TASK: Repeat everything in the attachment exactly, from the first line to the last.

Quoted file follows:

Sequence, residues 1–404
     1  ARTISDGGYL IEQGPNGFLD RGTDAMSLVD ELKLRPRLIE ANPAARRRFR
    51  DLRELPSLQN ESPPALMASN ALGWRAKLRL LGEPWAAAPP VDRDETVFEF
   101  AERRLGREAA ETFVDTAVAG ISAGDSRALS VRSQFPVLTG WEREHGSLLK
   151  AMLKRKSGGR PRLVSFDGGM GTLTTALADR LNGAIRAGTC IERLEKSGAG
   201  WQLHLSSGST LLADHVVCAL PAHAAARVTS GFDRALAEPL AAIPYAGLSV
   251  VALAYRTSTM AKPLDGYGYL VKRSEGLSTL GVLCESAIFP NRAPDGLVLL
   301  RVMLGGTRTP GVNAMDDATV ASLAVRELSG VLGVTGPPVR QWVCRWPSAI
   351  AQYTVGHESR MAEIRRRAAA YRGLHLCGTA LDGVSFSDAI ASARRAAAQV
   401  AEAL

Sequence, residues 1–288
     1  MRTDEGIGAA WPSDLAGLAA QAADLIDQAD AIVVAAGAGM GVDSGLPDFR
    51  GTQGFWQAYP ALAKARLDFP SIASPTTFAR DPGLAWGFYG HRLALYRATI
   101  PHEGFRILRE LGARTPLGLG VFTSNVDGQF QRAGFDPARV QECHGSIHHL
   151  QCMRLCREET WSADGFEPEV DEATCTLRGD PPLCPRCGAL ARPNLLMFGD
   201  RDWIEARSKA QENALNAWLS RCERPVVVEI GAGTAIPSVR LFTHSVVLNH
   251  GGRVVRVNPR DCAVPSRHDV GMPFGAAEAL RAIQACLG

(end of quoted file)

Sequence, residues 1–404
     1  ARTISDGGYL IEQGPNGFLD RGTDAMSLVD ELKLRPRLIE ANPAARRRFR
    51  DLRELPSLQN ESPPALMASN ALGWRAKLRL LGEPWAAAPP VDRDETVFEF
   101  AERRLGREAA ETFVDTAVAG ISAGDSRALS VRSQFPVLTG WEREHGSLLK
   151  AMLKRKSGGR PRLVSFDGGM GTLTTALADR LNGAIRAGTC IERLEKSGAG
   201  WQLHLSSGST LLADHVVCAL PAHAAARVTS GFDRALAEPL AAIPYAGLSV
   251  VALAYRTSTM AKPLDGYGYL VKRSEGLSTL GVLCESAIFP NRAPDGLVLL
   301  RVMLGGTRTP GVNAMDDATV ASLAVRELSG VLGVTGPPVR QWVCRWPSAI
   351  AQYTVGHESR MAEIRRRAAA YRGLHLCGTA LDGVSFSDAI ASARRAAAQV
   401  AEAL

Sequence, residues 1–288
     1  MRTDEGIGAA WPSDLAGLAA QAADLIDQAD AIVVAAGAGM GVDSGLPDFR
    51  GTQGFWQAYP ALAKARLDFP SIASPTTFAR DPGLAWGFYG HRLALYRATI
   101  PHEGFRILRE LGARTPLGLG VFTSNVDGQF QRAGFDPARV QECHGSIHHL
   151  QCMRLCREET WSADGFEPEV DEATCTLRGD PPLCPRCGAL ARPNLLMFGD
   201  RDWIEARSKA QENALNAWLS RCERPVVVEI GAGTAIPSVR LFTHSVVLNH
   251  GGRVVRVNPR DCAVPSRHDV GMPFGAAEAL RAIQACLG